2. Pass out a KWL chart to each student.
  3. Ask students if they know what the crust of the Earth is? (Answer: The crust is the Earth's outermost layer.) Ask them if know what the crust is made of? (Answer: The Earth's crust is made up of interlocking pieces, called plates.)
  4. Ask students to write down all they know about the crust of the Earth under the "Know" column of the KWL Chart.
  5. Remind them to keep up their chart with what they have learned during the activity by recording items under the "Learned" column.
  6. Ask the class if anyone has ever seen a rock or mountainside with layers in it. Rocks with layers are called sedimentary rocks. Take the strips of colored construction paper and place them on top of each other. Explain to students that they represent layers of sedimentary rock in the Earth's crust. Hold one strip at each end and push toward the middle. Explain that when forces are pushing at the edge of faults, the land often buckles and folds, sometimes forming hills or even mountains.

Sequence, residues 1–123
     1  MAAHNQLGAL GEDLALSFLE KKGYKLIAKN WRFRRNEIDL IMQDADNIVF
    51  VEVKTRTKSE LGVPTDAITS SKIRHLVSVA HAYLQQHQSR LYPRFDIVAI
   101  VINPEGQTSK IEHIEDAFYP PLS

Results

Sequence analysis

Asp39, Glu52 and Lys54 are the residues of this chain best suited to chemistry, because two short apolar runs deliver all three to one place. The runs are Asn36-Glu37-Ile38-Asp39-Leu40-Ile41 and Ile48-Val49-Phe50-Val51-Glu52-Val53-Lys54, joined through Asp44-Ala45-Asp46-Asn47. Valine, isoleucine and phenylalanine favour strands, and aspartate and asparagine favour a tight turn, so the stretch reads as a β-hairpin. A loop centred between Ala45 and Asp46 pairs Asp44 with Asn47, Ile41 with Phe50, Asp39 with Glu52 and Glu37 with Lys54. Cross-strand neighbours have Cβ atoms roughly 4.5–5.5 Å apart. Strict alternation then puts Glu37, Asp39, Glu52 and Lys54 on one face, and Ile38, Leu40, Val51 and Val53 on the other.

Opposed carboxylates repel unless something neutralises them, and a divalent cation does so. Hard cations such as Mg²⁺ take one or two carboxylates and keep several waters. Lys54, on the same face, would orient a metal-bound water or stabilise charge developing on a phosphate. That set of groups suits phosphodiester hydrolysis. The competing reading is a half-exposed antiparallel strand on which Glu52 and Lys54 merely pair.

7. Show students the tectonic plates map (overhead transparency). Explain that the Earth's crust is also broken into large interlocking plates floating on the molten mantle. At plate boundaries (where two different plates meet), the plates crack and break, causing earthquakes. These cracks are called faults. Tell students that they will make models of how land moves when blocks of rock slide sideways, apart or towards each other.
  8. Distribute three pieces of cardboard to each group.
  9. Instruct one student in each group to color a road with several houses along it on one piece of the cardboard. This piece of cardboard represents a bird's-eye view of the Earth (from above). On the other two cardboard pieces, have a different team member color layers of rock. Suggest they use colors that they believe are found in the Earth's layers. These two cardboard pieces each represent a cross-section of the Earth, as though we cut through the layers of a cake in order to see and be able to count how many layers are stacked on top of each other.